Tuesday, December 3, 2013

Got My Back

I've been managing a headache for a while. Last week, it was most definitely a migraine (including the nausea, extreme pain, inability to taste food - standard symptoms). However, it hasn't really gone away. More, it's morphed into some strange new thing. And I think I've come to understand that new thing is actually a tension headache.

I know they say that tension headaches don't last a week. They don't come on the heels of migraines (as a general practice). But, I'd hazard to say, that the majority of people who might "inaccurately assess" their similar-to-my-particular headaches (not that it's for me to judge anyone else's experience) are not engaged in my current lifestyle "transformation" (yeah, I hate that term too).

All this is to say, I suspect that my headache is being caused by my yoga practice right now. And that's probably how it should be.

What?!?!? (I'm imagining this is your response to my previous sentence.) How can it be that yoga could cause pain and that Kristin could think that might be good? 

Let me clarify: I do not mean that people, new to the practice of yoga, those who are not working with a teacher (or a teacher they trust implicitly), should be doing yoga, having pain and simply muddling though. I think that's a terrible idea, for what it's worth. I don't even mean that intermediate students should be managing pain, caused by yoga, and chalking it up to the "experience".

For the purposes of this post, I am talking about yoga and me. Yoga has been the underpinning of my physical experience for more than half of my life - through numerous phases and stages. I have practiced with a variety of terrific teachers, a couple of whom are truly gifted in the art and science of yoga. (I've also practiced with a bunch of scary-bad teachers, but that's another story.) The point is, I have confidence in my practice and in my body.

Let's start with the "me" part: Pretty well, since I had my kid - nearly 14 years ago, my mid-thoracic flexibility has declined. Partly, that comes from having spent 3 years carrying around a (large-for-her-age) child. But I certainly haven't helped matters with all of my sewing and knitting and blogging and desk-working. And then there's the fact that I all but stopped trying at a certain point, sometime over the past 3 years.

Of course, things could be way worse, but if I consider how open, strong and flexible my upper spine and associated musculature was throughout my 20s, by contrast I've receded into a shape defined by a mid-back that is more like a block of ice than a vibrant tree. Note: This is primarily an internal experience, not a visible one, fyi, in case you're thinking: Wait, I know that woman IRL and her back doesn't seem immobile.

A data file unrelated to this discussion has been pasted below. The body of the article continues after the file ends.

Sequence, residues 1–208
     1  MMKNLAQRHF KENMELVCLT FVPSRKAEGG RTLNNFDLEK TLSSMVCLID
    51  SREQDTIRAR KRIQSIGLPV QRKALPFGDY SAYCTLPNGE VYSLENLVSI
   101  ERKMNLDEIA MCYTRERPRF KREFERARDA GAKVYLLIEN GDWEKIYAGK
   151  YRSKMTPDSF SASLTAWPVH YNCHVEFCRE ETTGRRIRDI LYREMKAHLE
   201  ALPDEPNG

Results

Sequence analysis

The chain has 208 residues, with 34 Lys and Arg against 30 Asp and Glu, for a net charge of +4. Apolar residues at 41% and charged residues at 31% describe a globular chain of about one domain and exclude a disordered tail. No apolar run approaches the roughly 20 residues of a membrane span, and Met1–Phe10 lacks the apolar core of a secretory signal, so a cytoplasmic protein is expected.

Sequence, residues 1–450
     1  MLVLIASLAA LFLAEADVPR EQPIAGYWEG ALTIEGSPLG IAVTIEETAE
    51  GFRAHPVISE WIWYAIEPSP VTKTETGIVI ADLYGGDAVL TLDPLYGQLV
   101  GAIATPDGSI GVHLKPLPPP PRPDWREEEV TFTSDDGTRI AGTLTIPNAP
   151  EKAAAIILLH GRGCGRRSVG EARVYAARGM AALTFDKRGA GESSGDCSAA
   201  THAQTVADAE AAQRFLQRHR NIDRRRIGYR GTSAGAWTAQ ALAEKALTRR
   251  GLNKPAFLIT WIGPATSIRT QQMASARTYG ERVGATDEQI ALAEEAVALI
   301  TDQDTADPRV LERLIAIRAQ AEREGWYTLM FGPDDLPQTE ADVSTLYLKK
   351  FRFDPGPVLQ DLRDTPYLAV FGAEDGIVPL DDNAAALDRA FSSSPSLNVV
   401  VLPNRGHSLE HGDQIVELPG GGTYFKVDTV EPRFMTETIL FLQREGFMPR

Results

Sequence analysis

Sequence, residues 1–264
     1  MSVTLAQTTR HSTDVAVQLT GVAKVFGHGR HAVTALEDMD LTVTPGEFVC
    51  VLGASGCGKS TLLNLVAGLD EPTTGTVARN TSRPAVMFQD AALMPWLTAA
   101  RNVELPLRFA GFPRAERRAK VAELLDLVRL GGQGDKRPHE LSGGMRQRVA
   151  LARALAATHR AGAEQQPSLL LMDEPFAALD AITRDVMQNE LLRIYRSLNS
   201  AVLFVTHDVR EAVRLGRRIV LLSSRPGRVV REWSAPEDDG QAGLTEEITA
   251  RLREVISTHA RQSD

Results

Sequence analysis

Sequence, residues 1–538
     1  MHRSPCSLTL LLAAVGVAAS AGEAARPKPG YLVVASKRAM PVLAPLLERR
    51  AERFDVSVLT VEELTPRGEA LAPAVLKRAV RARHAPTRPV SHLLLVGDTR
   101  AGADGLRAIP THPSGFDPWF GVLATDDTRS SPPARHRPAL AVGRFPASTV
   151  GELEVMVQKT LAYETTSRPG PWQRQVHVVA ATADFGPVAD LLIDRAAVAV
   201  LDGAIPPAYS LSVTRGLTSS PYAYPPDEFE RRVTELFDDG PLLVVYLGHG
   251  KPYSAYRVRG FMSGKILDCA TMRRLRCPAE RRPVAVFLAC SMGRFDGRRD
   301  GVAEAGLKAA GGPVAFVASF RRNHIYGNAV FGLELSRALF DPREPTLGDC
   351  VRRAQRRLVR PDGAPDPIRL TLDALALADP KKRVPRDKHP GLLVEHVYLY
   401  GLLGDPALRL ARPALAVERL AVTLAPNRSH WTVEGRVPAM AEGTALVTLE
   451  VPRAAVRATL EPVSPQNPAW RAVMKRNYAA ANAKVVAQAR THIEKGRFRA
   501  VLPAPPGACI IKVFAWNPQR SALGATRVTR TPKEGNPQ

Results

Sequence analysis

What any good yogi will tell you is that as you age, if you don't gain physical awareness, you lose it. Don't misunderstand. This block of ice didn't happen over a few bad months. I spent years, incrementally reducing the work I need to do to keep my upper back supple and strong. I observed the loss, even as I ignored it - which is precisely what more-or-less everyone does (well everyone who starts off as a young, flexible thing and ends up, circa 50, being unable to move in many, formerly easy (and natural) directions). And I freakin' know better!

Hello, since I was 18 I've practiced with women of all ages - some in their 80s - who truly glow with the proxy of youth because their spines are strong and healthy. You know your youth is in your spine.

Let's not dwell on the yogic perspective of a tight upper back - how it refers to closure of the self and implications for the spiritual heart. Many, many people struggle with mid-thoracic-caused physical challenges: RSI, heaviness and pain in the shoulders and upper arms, nerve compression (in a variety of places), kyphosis, limited movement, breathing difficulties (hey there, asthmatics) and yeah, tension headaches.

This still doesn't explain, I suppose, why I'm speaking of a days-long tension headache actually caused by yoga - and not the by-product of avoidance of the practice.

Well, here's where experience kicks in.